A Guide to Being a Literary Author
Peter Gibbon

What any good author starts with is a title. That is the centerpiece of your entire work. Make it seem fancy. An allusion, perhaps to a poem that if you have read, you most certainly not have understood. Be sure, however, that there is at least one line in your novel (as poetry is pretty well a dead art at this point) that relates to your snappy title. Your title is mostly a tool - not to catch the attention of the reader. Oh no, you see, people these days have actually learned not to judge a book by its title. The title is the key to setting you apart from your audience: you as the author, they as the readers.

Next, you need a character. If you choose a female character, she must obviously be an alienated woman. And very bitter. Whether she is consciously a feminist or not, she will naturally play that role - why else would you make a woman your lead character? For more assistance with this particular note, see Margaret Atwood. Now, if this lead character is male, that makes a world of difference. He must also be alienated, but in this case, more sensitive, middle-aged and confused. Confused about what does not matter - his sexuality, his gender, his role in modern society - take your pick. These details matter little.

Sexuality, however, is a very important theme these days. Whether your main character is male or female, you need a masturbation scene in there somewhere. This works best with the male character, as no matter how far society has come, a female masturbation scene is still a little risqué. Risqué is good, don't get me wrong - but we don't want to go overboard here. We are not revolutionaries - we are authors! In any case, a masturbation scene is a must in literature today. It does not really matter if it is appropriate to the plot, or tasteful in any way. If you write it with some very abstract imagery, the readers will buy it. Not only that, but they will celebrate you for taking such great artistic risks. They will use words such as "edgy" to describe you, and you may be mentioned by someone on MTV. Although this is your ultimate goal, you will naturally condemn it and ignore it as "popular culture." As you can see, the masturbation scene is very important.

Now, I assume that most of the people I am instructing here are Canadians. Canadians have a very special responsibility when it comes to writing great literature. Firstly, a rape must occur in your story. More often than not, it should occur from within a family unit. If you choose to exclude the rape from your story, an oddly inappropriate theme of incest must be present within your work. If in any way possible, you must work a unicorn in there. For more information on this element, see Timothy Findley. As Canadians you have been passed on the literary crusade of forcing upon your readers as many confusing and unsettling themes as possible. Unfortunately, this will not get you mentioned on MTV.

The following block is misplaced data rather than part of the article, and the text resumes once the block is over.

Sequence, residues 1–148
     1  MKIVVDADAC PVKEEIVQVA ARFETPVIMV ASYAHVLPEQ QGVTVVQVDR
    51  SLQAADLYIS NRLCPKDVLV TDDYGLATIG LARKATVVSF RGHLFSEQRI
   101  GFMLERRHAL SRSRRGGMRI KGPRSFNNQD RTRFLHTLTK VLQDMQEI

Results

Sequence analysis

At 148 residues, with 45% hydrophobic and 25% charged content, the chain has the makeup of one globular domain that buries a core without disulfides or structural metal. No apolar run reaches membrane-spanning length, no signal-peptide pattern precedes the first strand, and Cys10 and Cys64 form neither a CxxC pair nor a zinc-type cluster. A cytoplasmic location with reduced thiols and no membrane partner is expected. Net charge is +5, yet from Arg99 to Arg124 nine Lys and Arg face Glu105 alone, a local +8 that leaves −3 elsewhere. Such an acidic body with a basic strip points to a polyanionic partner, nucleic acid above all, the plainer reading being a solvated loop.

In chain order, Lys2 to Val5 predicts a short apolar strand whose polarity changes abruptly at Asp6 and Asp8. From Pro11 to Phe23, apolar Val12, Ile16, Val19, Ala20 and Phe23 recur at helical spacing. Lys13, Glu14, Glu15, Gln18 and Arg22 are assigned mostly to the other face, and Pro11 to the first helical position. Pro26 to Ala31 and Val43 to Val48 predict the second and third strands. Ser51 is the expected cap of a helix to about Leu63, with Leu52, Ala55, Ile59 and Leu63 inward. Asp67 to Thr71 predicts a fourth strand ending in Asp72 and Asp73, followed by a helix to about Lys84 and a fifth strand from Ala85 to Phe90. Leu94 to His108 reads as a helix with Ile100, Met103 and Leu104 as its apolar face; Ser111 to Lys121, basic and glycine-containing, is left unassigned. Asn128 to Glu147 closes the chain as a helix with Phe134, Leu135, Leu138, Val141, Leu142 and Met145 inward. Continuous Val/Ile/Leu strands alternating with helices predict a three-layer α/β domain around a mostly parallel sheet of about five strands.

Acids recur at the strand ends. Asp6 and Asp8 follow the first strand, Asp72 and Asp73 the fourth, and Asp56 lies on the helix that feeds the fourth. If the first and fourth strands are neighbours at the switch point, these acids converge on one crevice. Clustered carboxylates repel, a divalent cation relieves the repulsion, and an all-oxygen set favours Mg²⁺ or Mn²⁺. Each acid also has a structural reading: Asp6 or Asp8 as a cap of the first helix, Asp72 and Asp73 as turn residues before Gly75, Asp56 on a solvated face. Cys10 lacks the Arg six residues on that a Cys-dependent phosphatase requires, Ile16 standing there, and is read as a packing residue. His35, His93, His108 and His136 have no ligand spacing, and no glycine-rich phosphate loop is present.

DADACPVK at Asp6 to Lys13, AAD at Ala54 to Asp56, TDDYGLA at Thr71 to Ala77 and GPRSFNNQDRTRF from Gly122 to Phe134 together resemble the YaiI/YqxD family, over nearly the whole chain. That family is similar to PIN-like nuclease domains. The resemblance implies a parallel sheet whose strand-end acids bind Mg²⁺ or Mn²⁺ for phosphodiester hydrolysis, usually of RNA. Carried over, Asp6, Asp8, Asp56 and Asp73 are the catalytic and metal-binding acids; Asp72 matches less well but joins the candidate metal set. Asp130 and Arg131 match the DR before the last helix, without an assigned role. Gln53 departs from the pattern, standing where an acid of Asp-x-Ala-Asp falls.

For my next point, I want to stress the absolute importance of alluding heavily to authors and texts the average reader will not have read. If you can, mention as many authors' names as possible. This will show that you are a well-read individual, and exist on an intellectually higher plain then the audience. If you can, mention outright authors' names, perhaps their works. It really doesn't matter if you mention the titles, as they will not be reading what you are mentioning.

Now, as long as you have your title, characters, controversy, and obnoxious allusions, you might want to put some thought into your plot. This will probably be the easiest part of your work. All you really need is a series of disjointed, seemingly ambiguous events to happen to your clueless character. Just make sure to make use of abstract symbols - perhaps some psychological Freudian symbols, which would work quite well into your theme of sexuality. Read some articles out of a first or second year psychology textbook for those. Just keep it abstract and pseudo-symbolic and they will buy it. And remember: when it comes to plot, we are not journalists. We are not writers. We are authors.

Now, due to space restrictions, I do not have much more time to waste telling you about plot. However, the last important element of your novel (as we are writing novels, not books) is your tone. Nobody wants to hear a straight narrative these days. What you need to write this novel is an ambivalently sarcastic tone that in no way leaves you responsible for what you have written. Make sure your novel is written in a type of tone that makes the reader picture the narrator wearing a grim smile. There is one phrase by which every budding author lives by: "tongue in cheek."

So, I leave you with this article in the hopes that some of you will follow my advice and prosper as authors. The rest of you will perhaps become as commercially successful as Stephen King or Dan Brown, if fate has such a curse in store for you. Perhaps you will even meet J.K. Rowling someday. However, the authors who follow these simple steps will someday gain their place in literary history: stay ambiguous, be controversial within reason, drop as many names as possible, pay little attention to interesting plot, and make sure not to be straightforward about anything. Follow these simple guidelines and you will gain success as an author. And always remember, if any critic asks you what in God's name you are talking about in any work you have written, to say what every good author says: "Why don't you tell me?"

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